(10-15-2019, 05:12 AM)Generic Wrote: Even though I didn't do it this way, I would recommend charging and testing for voltage drop FIRST before capacity testing for 2 reasons: (1) It will help you weed out self draining cells and save you the time you would spend testing those cells; and (2) keeping cells at full charge for extended periods of time WILL damage your cells. So why test twice? I made that mistake and let cells sit at full charge for between 8 months and 1 year before testing AGAIN and found out I lost like 3% of my good cells and a whole bunch of time retesting. So after you test for self-dischargers, do a capacity test, and then bring those cells to a uniform storage voltage (I would do 3.4V but most would do 3.7V). Keeping the voltage low and uniform will aid in pack building. You don't want to solder/spot weld a fully charged cell in case you make a mistake (it happens).

I'm in a similar position, I'm pretty new to this I salvaged 600 x 18650 cells from old laptop batteries, fully charged removing heaters and leaving the rest for 2-3 weeks to weed out the any that SD then capacity tested using the NOR test on my LiitoKala Lii-500's

Now I've realised I wont get to build all of these in to packs for a while and I have 600 cells at 4.2v Why doesn't the NOR test charge to a storage voltage rather than a full charge surely that would be more useful and quicker?

Any advice on how best to get this many cells down to 3.7v to store for a while
Ibiza likes this post
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#19
I'm surprised at the amount of people that leave their cells charged at full voltage for month(s).  There is quite a body of work out there that says don't do it as you are needlessly losing capacity.  Besides the many articles at BatteryUniversity.com (including this and this)there is this white paper that has done quite a bit of empirical work -

https://www.researchgate.net/publication...Assessment
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#20
Diggsut... Yeah you can loose up to couple of % per year doing it BUT.... Most bigger solar installs you will also have the powerwall fully charged for up to 8 hours a day.

So if we look at the numbers. Lets say you have used cells and you let them sit at 15c that I do... Lets say I leave them for 3 months. If you look at that white paper you will see that I loose a whopping 1% or so.

So if we take this further and if you read that white paper you send you will see that sitting at lower SoC does not save you that much in terms of degradation during those 3 months. If you add how much you actually degrade using the cells later on especially for those pushing cells harder you degrade ALOT faster doing that

If you pull all those numbers on the table this is the result:
* Sitting at full charge some month does not kill the cells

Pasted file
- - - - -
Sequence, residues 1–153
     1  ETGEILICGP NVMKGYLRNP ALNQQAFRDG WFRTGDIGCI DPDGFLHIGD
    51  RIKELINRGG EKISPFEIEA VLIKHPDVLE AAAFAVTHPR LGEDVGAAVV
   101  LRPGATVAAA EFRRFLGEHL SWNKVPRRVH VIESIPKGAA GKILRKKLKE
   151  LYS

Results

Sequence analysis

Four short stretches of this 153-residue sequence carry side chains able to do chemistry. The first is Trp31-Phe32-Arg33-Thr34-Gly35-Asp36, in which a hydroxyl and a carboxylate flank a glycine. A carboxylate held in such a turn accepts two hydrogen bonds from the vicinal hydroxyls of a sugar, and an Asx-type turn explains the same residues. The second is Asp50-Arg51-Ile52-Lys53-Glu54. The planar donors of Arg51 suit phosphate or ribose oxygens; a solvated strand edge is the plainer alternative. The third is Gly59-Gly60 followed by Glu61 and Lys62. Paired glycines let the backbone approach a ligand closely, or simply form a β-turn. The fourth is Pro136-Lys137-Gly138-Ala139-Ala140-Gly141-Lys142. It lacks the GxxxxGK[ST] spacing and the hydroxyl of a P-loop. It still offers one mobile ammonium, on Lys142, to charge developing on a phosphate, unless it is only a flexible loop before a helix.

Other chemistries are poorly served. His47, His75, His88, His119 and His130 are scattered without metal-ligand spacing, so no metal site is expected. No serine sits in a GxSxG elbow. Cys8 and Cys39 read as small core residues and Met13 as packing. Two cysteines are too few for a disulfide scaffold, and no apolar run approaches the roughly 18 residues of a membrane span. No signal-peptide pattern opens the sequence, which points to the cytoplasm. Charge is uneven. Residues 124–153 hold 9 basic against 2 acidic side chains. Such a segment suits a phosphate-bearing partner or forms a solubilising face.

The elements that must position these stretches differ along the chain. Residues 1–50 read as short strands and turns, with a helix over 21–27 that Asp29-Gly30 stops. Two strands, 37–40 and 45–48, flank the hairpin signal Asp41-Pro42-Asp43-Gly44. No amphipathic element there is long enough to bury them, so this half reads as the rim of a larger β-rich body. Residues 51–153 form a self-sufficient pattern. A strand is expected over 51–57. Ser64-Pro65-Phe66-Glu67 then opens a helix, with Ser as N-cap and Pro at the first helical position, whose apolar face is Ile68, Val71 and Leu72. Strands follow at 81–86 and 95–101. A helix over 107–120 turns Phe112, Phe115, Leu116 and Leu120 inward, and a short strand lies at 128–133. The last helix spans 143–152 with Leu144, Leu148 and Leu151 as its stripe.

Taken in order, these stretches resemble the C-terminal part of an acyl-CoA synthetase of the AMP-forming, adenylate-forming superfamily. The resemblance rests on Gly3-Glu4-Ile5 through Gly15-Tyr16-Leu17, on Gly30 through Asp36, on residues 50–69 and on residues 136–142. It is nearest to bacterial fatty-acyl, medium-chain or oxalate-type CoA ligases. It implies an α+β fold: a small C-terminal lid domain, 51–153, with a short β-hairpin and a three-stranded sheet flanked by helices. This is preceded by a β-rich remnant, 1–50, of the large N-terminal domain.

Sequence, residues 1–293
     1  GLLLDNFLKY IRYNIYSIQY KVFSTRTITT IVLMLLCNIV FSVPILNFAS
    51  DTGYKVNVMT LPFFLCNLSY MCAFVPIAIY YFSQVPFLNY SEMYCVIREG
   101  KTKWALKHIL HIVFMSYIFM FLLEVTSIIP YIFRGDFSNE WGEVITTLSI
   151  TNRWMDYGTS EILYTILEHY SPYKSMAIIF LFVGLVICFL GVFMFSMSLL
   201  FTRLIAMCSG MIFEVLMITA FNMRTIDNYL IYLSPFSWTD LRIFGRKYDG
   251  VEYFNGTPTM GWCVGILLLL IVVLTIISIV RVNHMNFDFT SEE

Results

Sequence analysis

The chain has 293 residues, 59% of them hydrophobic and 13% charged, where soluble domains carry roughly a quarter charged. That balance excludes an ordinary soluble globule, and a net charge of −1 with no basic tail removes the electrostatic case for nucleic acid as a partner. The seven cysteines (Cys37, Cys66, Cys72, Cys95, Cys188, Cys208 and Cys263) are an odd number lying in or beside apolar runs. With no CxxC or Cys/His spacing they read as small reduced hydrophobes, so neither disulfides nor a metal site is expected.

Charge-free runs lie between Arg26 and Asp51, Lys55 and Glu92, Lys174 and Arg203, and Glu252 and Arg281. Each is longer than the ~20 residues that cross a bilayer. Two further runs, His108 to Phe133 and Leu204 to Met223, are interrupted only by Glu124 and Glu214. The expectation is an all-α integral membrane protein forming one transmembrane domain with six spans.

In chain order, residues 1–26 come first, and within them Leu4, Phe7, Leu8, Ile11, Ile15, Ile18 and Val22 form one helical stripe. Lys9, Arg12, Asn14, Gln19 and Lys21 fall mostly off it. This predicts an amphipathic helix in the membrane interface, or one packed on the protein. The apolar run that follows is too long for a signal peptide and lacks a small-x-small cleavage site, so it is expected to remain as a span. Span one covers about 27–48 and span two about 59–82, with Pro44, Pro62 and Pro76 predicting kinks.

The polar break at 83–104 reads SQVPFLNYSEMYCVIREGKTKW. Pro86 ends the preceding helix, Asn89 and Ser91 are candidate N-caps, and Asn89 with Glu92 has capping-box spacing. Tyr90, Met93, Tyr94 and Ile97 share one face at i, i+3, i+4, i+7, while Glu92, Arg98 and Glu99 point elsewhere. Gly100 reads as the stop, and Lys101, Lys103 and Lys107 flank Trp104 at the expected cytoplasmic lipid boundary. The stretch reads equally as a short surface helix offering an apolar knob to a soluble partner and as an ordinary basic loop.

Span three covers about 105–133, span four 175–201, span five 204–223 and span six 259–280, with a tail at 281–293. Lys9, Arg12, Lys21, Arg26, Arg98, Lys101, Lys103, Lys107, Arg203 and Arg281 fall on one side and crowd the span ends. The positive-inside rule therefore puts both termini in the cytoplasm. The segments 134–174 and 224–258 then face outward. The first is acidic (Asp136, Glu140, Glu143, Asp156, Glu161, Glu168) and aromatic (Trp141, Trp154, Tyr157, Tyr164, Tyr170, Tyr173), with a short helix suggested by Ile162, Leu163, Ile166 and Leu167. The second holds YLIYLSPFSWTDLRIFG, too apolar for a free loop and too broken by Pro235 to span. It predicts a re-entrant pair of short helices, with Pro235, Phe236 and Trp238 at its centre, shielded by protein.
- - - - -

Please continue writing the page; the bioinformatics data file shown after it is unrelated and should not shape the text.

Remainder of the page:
* Spending that extra time discharging and wasting that capacity in the cells cost MORE in time and energy wasted than actually just buying some extra cells to compensate the minimal loss
* Sitting att full charge during that time you can even better weed out self dischargers. That self discharging cells actually saves you more energy than what you have lost letting them sit there comparing using the batteries over some years.
* If a cell actually wont be able to sit at full charge for lets say 3 months... Its not even worth having in a powerwall. Because 3 months full there equals 9 summer months sitting full in my powerwall... And this I cannot do anything about unless i want the battery bank to sit half charged and loose valuable DoD capacity.

Do I have numbers of this? Yes i calculated and tested this. Im not going to write all numbers here because thats a white paper it self Smile

Yes - Leaving them fully charge degrades the batteries slightly faster than middle/close to empty.
BUT just lowering the temperature where they sits do ALOT and really... If thats your biggest concern loosing energy you should consider buiing better wiring or inverter/charger. Thats where you save alot more energy.

Would letting them sitting fully charge cause a "fire" -> NO.

We have a couple of side-tracks here becaue LiPo on other hand are more sensitive and thats because of the case. If LiPo would sit in hard-case its not a problem there either. I have done my fair share of RC last 10+ years and I have many cells sitting for all winter fully charged for testing. Some brands doesnt like it as much when using soft cases since they do wanna puff a bit but so far not problem.
I have killed more cells due to abusing them when in use than leaving them as is Tongue


Lastly: If you dont know when you will use them or its a very long time like half a year or years then of course discharge them down to 40-50%. its just better. But for a month or 3 during the build its ok
Frenno likes this post